A Two-Generation Study of Body Mass Index, Energy Balance and Specific Physical Activity of College Students and Their Respective Parents Living in the Same Household at Los Angeles, California, U.S.A

By Liang, Ying; Lee, Judy et al. | College Student Journal, March 2007 | Go to article overview

A Two-Generation Study of Body Mass Index, Energy Balance and Specific Physical Activity of College Students and Their Respective Parents Living in the Same Household at Los Angeles, California, U.S.A


Liang, Ying, Lee, Judy, Tam, Chick F., Bridges, Elizabeth, Keating, Xiaofen D., College Student Journal


The purpose was to compare the differences in body mass index (BMI), energy balance (EB) and specific physical activity (SPA) between 30 CSULA college students (Y) and their respective parents(O) living in the same household at Los Angeles, California, U,S.A. Each student completed a 24-hour dietary record with SPA journal, and the same for his/her parent. SPA was divided into: light (LA) (1.4-3.0Kcal/kg/hr); moderate (MA) (3.1-5.3); severe (SA) (5.4-7.4); and very severe (VSA) (7.5 or over). The Y had significantly lower BMI than the O (24.0 kg/[m.sup.2] for Y vs. 27.0kg/[m.sup.2] for O). However, no statistical differences were found between the two groups in total energy expenditure (Y: 2552.6 [+ or -] SD 629.6 vs. O: 2564.3 [+ or -] 570.1kcal) and total energy intake (Y: 1818.1 [+ or -] 954.7 vs. O: 1837.4 [+ or -] 901.8kcal). Both had comparable negative EB in one day. There were no significant differences in the time and total calories consumed for LA and MA between Y and O. Only a few subjects in the two groups performed the severe or very severe physical activity. Although most subjects remained negative energy balance for the day, their high BMI, inadequate moderate physical activity, and lacking of severe/very severe physical activity were a health concern.

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Overweight and obesity are increasing rapidly in the United States (Mokdad et al, 1999), leading many Americans to the risk of obesity-related diseases. According to the National Health and Nutrition Examination Survey (NHANES) 1999-2002, 65% of U.S. adults are classified as overweight or obese based on their body mass indexes (BMI) (Division of Nutrition and Physical Activity, National Center for Chronic Disease Prevention and Health Promotion, 2005). Obesity is defined as having an excessively high amount of body fat or adipose tissue in relation to lean body mass (Office of Genomics and Disease Prevention, 2002). Overweight and obesity in adults are associated with increased risk of chronic diseases, including coronary heart disease, dyslipidemia, diabetes mellitus and hypertension (US Department of Health and Human Services Publication, 1988). According to Olshansky et al. (2005), obesity in the U.S. today will lead to a reduction of 4-9 months in life expectancy at birth and the impact of obesity on reduction of life expectancy is larger than the negative impact of all accidental deaths combined.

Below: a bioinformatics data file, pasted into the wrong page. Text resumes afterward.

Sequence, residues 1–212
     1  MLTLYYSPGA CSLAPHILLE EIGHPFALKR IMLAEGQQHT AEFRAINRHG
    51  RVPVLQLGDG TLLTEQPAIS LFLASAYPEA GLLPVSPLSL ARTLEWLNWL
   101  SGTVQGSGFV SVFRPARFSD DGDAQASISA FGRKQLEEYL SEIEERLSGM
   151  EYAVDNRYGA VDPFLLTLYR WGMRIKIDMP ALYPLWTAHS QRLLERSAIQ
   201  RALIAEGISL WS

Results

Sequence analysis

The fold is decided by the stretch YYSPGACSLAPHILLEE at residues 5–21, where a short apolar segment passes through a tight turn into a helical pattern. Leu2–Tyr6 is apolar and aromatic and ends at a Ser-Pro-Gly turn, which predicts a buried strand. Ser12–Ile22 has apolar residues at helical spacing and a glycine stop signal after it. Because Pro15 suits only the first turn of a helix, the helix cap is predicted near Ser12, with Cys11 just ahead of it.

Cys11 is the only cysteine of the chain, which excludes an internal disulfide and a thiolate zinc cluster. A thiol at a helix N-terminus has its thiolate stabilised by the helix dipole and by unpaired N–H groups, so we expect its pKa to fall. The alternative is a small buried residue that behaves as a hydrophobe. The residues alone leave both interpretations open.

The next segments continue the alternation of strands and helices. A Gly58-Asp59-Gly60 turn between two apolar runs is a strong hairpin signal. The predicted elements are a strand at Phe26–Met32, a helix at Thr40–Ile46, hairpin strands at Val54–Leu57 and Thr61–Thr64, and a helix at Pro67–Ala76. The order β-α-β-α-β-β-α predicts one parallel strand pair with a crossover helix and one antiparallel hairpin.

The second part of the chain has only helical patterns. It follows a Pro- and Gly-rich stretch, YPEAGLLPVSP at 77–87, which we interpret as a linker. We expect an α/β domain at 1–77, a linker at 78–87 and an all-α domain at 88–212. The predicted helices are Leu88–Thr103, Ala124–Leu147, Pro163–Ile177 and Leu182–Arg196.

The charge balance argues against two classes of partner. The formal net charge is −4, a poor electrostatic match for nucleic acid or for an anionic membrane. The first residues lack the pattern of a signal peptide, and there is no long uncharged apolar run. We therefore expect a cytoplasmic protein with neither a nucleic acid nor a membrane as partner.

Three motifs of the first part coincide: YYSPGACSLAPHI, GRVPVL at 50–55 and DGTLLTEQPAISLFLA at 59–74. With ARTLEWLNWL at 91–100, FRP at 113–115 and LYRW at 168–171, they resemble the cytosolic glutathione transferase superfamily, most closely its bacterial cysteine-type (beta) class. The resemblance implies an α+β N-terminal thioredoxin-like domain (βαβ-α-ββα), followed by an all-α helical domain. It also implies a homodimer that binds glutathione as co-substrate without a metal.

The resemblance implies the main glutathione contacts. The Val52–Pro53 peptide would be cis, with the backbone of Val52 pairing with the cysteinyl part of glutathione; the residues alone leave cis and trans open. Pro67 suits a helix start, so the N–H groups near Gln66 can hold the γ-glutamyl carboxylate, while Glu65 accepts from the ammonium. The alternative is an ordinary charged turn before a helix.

Coronary heart disease encompasses approximately 35% of all deaths among Asian-Americans and 29% of all death among Hispanic-Americans (National Center for Health Statistics, Division of Vital Statistics, 2005). Asians and Hispanics are two to six times more likely to have Non-insulin-dependent diabetes (NIDDM, or Type II Diabetes) than non-Hispanic white Americans in the United States (Carter, Pugh, & Monterrosa, 1996). Asian Americans and Hispanic Americans comprised a large proportion of the U.S. population (Bureau of Census, U.S. Department of Commerce, 1982 & 1992). In the year 2003, the student population of the California State University at Los Angeles (CSULA) was composed of 22.1% Asian Americans/Pacific Islanders, 52.4% Latinos (Hispanics), 16.2% white Americans and 9.2% African Americans and others (Office of Institutional Research and Public Affairs, CSULA, 2003). The student body of CSULA in general, can reflect the ethnic composition of the population in the Greater Los Angeles Area.

College students are commonly under stress from different sources, such as maintaining a high level of academic achievement, adjusting to a new social environment, dealing with financial problems, etc. (Ross, 1999), which might place them at higher risk of heart disease (O'Connor, Gurbel, & Serebruany, 2000). Between male and female college students, there were differences in dietary atherogenicities, energy balance, and physical activity levels (Tam et al., 1996). Whereas there were a few studies to survey a combined effect of physical activity and dietary kcal patterns in a family setting, we chose CSULA college students and their respective parents living in the same household for the study of their BMI, energy balances (EB) and specific physical activities (SPA). …

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